SERIES: Tips to improve your patient experience: #1 Pimp your hospital room

 In Cancer, Coping with Chronic illness, Diabetes, Patient Experience

The first few times I was hospitalised it didn’t even occur to me to change anything about my room, but by the third visit I could feel my already-fragile spirit dealt another blow as I faced those familiar, plain walls.  And no matter the hospital, I have found that pretty much the same bed, side-table, hard visitor chair and small table with two chairs awaits.  Depressing to say the least.

Of course when you are really sick, you couldn’t care less what the room like! You just want to feel better! But if you are in hospital for a long time, awaiting a surgery – a transplant, perhaps – or you are a frequent visitor, then you may feel as if hospital is almost your second home! And in that case, why not inject some of your personal style and making it feel, well, like a ‘home away from home’?

“Bea’s room in intensive care was full of cards from friends and photos of her horse Dee-Dee.  They, together with the colorful prayer quilt on her bed made by an American cousin, made her space feel more like her room at home and less like a hospital ward,” Elizabeth, mum to para-equestrian rider Beatrice de Lavalette told me. 

“Seeing physical signs that she had so many people rooting for her and so much still to look forward to, helped her to keep going.”

I remember visiting Bea in order to bring her some prototype INGA Wellbeing patient clothing and being so amazed by her room and her at the center of it! Positivity and fun are not two words that one expects to connect with someone that has been fighting for their life after being caught up in a terrorist bombing but when you watch her video you’ll see how strong she is.  But positivity and fun is also something that characterises Claire, a cystic fibrosis patient who showed off her hospital room in her YouTube video. (watch it all, but particularly from 4mins 20 secs).

Having been inspired by these two incredible young women and remembering how I had brought a small fake Christmas tree complete with little lights and decorations to my mother’s hospice bedside and had made an effort to make my own and my daughter’s hospital rooms cosier,  I realised that being comfortable in hospital had helped to reduce the trauma of those very difficult times.  Like the range of attractive patient clothing I have helped to create, re-designing the space one inhabits can really improve your patient experience.  Not only will your mood and outlook improve, but you’ll get some much-needed exercise setting it all up (warmly encouraged by physiotherapists) and it will also provide your medical team and visitors with more insight into who YOU are and some great conversation starters.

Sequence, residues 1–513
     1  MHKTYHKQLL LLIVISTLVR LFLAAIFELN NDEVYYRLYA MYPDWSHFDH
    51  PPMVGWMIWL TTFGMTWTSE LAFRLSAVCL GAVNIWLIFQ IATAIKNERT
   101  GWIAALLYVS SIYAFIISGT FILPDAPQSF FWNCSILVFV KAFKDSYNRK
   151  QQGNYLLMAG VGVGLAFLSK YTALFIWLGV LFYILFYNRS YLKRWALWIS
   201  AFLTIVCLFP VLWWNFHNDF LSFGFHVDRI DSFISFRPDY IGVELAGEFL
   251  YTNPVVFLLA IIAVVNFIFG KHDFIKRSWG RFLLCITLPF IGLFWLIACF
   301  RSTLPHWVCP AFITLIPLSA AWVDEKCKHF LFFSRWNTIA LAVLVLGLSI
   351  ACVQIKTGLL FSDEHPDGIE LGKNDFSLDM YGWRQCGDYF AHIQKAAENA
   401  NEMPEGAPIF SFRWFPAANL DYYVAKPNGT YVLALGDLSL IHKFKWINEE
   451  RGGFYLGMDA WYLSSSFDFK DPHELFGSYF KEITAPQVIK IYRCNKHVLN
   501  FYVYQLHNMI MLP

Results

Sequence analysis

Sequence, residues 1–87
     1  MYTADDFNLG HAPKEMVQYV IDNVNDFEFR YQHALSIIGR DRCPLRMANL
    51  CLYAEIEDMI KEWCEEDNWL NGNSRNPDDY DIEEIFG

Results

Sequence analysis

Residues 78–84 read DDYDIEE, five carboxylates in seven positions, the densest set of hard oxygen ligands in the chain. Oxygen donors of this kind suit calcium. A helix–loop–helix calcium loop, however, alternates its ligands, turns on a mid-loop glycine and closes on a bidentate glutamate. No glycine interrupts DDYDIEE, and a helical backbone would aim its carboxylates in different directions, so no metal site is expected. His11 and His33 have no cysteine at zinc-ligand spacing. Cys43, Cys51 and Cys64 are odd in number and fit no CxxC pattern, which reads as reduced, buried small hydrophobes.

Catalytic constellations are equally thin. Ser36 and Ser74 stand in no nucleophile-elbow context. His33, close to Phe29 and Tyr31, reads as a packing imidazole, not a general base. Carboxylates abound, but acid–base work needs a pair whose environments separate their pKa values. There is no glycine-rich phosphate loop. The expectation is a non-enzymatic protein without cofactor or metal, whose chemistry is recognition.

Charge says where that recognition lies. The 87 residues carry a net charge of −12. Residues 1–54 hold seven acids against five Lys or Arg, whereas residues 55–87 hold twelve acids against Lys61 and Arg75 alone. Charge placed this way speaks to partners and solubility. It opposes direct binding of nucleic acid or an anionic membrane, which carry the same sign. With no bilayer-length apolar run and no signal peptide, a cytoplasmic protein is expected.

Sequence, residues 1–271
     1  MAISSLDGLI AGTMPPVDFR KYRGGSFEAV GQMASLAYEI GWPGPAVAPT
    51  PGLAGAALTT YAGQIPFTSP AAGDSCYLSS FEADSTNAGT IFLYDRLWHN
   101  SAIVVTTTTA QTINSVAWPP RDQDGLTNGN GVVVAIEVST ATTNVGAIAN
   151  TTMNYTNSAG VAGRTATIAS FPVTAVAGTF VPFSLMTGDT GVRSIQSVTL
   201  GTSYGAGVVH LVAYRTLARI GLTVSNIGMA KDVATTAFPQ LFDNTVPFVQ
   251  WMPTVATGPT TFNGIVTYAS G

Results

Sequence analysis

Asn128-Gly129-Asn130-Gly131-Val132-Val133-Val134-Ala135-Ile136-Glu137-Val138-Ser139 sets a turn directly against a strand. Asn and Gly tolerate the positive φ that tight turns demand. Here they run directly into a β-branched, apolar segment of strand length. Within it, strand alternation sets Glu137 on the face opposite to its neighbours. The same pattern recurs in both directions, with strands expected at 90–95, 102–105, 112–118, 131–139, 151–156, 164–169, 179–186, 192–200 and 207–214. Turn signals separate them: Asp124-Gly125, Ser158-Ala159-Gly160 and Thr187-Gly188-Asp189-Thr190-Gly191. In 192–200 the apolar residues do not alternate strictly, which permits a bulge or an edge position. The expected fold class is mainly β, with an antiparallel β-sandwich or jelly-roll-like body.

To find out how others have re-designed their hospital rooms, I reached out to fellow patients on online forums and did some web searches and was impressed by the creative ideas people have had to make their space their own. Below is a kind of ‘how to’ guide on how to pimp your hospital room.   

 But, of course, before I get on with the fun stuff, there are a few serious points to mention first.

  1. Medical staff must be able to enter and work safely and efficiently in your room– for your own wellbeing as much as theirs! Don’t block access to the medical equipment or lay slippery carpets that might be tripped over or cause people to fall if they are rushing! If in doubt, check with medical staff before you get creative.

  2. Hygiene is key in hospital so don’t create dust traps or prevent the cleaning staff from carrying out their vital jobs and if you are bringing in bedsheets from home then you’ll need to have family and friends change them regularly!

  3. Don’t damage the walls or equipment. Whatever you do to improve your surroundings must be temporary and be able to be taken down once you are discharged, leaving the room in good condition for the next occupant.

  4. Bring a big suitcase to take everything home with you!!! It’s amazing how much ‘stuff’ accumulates during a hospital stay and you’ll need a big bag or two (preferably on wheels) and a car to get you and your belongings home.

So with that said, what can you do to make your hospital room more comfortable and lift your spirits?

 Well, quite a lot, actually!

 1.  Soften the edges: 

By adding some ‘soft furnishings’ from home you can immediately and effortlessly personalise your room (or area within your room), introducing colour and/or luxury with a special blanket and even a cushion for those hard visitor chairs. If you don’t want the hassle of carrying a large cushion when you leave, you can always just bring in the slip cover and then ‘stuff’ it with your nightwear during the day. A great place to keep your PJs or nightdress to hand but out of sight!  With this two simple changes, your space will already feel less institutionalised and they provide a great ice-breaker for chats with your medical team or visitors.